Unemployed NHL Zamboni Driver Finding it Difficult to Get Side Zamboni Jobs

Unemployed NHL Zamboni Driver Finding it Difficult to Get Side Zamboni Jobs – Image 1
Bill Thompson is a professional ice resurfacing machine driver. He has been employed as the driver of the machine, or Zamboni, for the Nashville Predators since the team entered the NHL in 1998. Before that he operated the Zamboni for the city's minor league hockey franchise. Yet now, with the 2012-2013 NHL season all but officially lost, Thompson is finding it hard to make ends meet.

"I am great at resurfacing ice, but this is a very specialized field," he said. "There are only so many employers that offer work for Zamboni drivers, especially here in Nashville."

Thompson's inability to get supplemental Zamboni jobs is not without a lack of trying. He has plastered telephone polls and bulletin boards throughout his community with fliers advertising his Zamboni driving surfaces. He sits outside Home Depot every morning with a sign that says: "NEED ZAMBONI WORK?" He has posted his resume all over online job sites. He has even started going door-to-door asking people if they need any ice resurfacing odd jobs done around the house.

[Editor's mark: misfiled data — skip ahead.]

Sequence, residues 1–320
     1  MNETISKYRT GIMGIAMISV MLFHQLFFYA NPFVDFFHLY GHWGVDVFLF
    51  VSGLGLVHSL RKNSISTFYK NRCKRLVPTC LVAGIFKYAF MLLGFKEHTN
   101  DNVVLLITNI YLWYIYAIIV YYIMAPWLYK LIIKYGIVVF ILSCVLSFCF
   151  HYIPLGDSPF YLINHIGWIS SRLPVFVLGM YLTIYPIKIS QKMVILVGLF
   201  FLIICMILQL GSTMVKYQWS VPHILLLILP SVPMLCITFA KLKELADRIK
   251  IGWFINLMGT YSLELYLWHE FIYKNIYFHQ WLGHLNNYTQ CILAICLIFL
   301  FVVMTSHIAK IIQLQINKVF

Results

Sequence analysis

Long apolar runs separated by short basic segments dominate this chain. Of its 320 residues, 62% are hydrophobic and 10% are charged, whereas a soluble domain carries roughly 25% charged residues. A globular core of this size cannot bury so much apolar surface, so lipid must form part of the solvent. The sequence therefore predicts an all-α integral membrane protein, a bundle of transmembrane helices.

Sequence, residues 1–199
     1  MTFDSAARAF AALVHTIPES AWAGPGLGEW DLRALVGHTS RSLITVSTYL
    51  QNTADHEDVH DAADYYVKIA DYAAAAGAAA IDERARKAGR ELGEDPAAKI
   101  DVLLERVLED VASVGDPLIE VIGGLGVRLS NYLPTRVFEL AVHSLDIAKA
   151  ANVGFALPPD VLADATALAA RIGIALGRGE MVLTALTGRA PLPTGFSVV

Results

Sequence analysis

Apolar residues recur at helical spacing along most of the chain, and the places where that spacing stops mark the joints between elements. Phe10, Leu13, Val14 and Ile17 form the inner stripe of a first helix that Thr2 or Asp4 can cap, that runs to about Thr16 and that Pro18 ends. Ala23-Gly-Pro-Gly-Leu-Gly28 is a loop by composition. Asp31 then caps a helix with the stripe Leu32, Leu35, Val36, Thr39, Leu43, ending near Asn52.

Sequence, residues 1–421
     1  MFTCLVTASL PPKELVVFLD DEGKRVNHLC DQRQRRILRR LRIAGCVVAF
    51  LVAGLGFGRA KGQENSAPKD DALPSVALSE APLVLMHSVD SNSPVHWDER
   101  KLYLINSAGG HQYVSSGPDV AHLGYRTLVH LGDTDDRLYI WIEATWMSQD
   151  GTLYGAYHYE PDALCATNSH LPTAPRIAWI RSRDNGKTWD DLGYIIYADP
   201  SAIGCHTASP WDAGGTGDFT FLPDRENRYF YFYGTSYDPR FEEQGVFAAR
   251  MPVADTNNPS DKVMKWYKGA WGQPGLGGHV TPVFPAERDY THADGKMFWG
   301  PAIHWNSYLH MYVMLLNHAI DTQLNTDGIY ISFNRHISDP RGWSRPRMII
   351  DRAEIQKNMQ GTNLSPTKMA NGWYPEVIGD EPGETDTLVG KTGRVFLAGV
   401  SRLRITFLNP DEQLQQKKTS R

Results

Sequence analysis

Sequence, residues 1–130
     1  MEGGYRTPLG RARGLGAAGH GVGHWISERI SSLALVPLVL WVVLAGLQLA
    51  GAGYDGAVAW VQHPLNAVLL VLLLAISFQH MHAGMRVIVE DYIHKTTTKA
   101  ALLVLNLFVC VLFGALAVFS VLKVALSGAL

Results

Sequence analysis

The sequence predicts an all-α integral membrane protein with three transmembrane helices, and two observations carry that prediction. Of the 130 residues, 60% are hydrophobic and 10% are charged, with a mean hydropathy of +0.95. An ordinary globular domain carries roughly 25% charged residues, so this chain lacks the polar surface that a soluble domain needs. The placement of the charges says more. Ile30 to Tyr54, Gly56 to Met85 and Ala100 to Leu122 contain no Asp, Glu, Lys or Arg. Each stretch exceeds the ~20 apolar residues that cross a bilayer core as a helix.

"It's the same answer everywhere: No," said Thompson. "I'm losing hope. I'm losing sleep. When I do get to bed at night, I dream about running over Gary Bettman with my machine, killing him and forever encapsulating him in ice."

If the lockout doesn't end soon, Thompson says he will have to uproot his family and look north for work.

"I've heard rumors about Canada," he says. "Apparently it's a country covered in ice and there are plentiful Zamboni jobs for anyone who wants them. It sounds almost too good to be true. But if it is, I just might never come back."

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